Suffering in silence: The poetry of Parwana Fayyaz

Documenting the lives of women in Afghanistan, Forty Names by Afghan poet Parwana Fayyaz is a poignant reminder of lost opportunities, of freedoms given and then taken away, of a new generation living without enlightenment through education.

The collection, the title verse of which won the 2019 Forward Prize for Best Single Poem “focusses on stories and experiences from my childhood” and the ingrained attitude of acceptance that comes with a lack of schooling.

The title itself is reference to one of those very stories, where 40 women throw themselves off a cliff in order to protect their honour, rather than die with dishonour.

As she told Carcanet Press: “I grew up among women who told stories, stories concerning women. As the time passed, the women themselves became the stories. The majority of these women never went to school. They share their philosophy of life down through generations. [They say] “in the face of hardship, be patient, patience is the remedy”.”

Born in 1990, Fayyaz’s education challenges this idea. Now with a PhD in Persian Studies from Cambridge University, how can silence possibly make sense?

“When I left my home and Afghanistan to embark on my journey to become more educated, I began to reflect on the lives of the women I had always admired,” she said. “I began to question my admiration for them. They were suffering and yet they accepted it. To suffer in silence is seen as a token of patience.”

“With more education, patience became more elusive.”

Indeed, the choice now for so many women and girls in Afghanistan, sadly, is only silence and patience, but without the reward the piety is supposed to bring. As the Taliban tightens its stranglehold over the country, it forces out the oxygen required for art and literature to flourish and for women to learn how to express themselves in this sense.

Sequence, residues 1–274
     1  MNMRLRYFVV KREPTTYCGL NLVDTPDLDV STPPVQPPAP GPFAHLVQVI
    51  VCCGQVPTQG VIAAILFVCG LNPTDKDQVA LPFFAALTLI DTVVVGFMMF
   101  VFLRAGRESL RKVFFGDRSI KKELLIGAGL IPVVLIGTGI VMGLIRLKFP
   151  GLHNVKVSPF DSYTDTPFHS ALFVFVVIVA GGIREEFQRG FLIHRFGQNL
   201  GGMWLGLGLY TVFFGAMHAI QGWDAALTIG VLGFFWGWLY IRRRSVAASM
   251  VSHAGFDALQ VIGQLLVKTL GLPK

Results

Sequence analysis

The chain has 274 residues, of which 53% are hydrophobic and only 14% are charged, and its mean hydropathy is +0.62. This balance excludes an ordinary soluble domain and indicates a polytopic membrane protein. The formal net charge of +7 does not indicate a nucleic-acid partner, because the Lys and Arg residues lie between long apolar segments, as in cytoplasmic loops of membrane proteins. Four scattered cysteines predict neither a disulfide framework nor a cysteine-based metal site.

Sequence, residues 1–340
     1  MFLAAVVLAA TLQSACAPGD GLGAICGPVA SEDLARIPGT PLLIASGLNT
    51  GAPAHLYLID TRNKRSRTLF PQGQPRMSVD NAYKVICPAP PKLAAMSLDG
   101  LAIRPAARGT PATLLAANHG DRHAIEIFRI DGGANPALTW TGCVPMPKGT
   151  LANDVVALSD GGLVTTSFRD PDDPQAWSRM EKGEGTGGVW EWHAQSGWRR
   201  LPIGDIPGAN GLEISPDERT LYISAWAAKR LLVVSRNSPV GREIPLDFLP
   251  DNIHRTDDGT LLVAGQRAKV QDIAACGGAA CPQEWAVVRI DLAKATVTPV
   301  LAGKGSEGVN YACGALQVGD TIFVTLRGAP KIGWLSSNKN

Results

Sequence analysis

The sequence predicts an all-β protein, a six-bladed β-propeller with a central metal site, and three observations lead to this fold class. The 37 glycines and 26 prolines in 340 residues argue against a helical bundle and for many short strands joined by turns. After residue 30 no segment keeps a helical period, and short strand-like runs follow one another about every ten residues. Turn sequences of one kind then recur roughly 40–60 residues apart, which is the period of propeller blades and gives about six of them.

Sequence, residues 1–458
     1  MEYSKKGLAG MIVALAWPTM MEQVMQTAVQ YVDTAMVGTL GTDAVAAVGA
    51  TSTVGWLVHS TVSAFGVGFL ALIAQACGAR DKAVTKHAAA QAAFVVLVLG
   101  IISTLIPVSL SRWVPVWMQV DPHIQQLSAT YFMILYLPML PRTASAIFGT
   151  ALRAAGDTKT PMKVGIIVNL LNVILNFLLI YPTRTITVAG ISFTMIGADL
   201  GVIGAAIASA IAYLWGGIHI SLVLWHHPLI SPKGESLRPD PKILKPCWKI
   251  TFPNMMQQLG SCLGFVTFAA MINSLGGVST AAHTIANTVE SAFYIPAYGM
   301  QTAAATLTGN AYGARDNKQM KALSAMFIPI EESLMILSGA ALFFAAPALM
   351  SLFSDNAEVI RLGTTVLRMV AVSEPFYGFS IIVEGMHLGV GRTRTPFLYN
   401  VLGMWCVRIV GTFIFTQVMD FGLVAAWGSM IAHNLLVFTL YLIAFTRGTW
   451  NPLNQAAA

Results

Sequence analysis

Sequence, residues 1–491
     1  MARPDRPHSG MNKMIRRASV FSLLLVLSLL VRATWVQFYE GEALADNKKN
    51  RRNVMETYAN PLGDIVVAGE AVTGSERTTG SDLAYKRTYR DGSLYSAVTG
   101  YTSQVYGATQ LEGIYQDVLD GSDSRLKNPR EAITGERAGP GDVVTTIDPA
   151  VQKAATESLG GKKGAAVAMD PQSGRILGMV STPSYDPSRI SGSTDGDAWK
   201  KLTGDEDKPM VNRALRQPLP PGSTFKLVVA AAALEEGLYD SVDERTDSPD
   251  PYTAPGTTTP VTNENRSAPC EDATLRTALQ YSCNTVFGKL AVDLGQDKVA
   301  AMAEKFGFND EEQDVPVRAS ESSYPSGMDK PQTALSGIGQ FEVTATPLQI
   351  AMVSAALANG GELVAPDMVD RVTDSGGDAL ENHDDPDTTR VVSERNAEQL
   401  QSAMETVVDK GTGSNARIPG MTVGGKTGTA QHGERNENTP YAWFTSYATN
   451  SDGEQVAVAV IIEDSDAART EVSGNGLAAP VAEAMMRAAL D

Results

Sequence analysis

Certainly, more than they previously should have done, everyday people in the west are taking notice of Afghanistan. The stories and images that have shocked so many people are not new, but it quite obviously takes a feeling of personal involvement – Nato troops were caught in a dangerous evacuation process – for people to take notice for long.

Even the process of translation for Fayyaz was important in this regard, “My poetry makes use of the art of translation to enhance the meaning of my story-poems for a Western audience, specifically involving the translation of Persian names into English. In active translation, the Persian names are the sounds and the English translations their echoes.”

Perhaps, to the English-speaking world, the plight of Afghans under the Taliban will remain as far-distant noises that will not reverberate so loudly for long. Forty Names, then, is in its truest sense a reflection of what has been lost for a whole generation of Afghan girls: a reminder that Afghanistan’s brief experience of democracy will never be forgotten.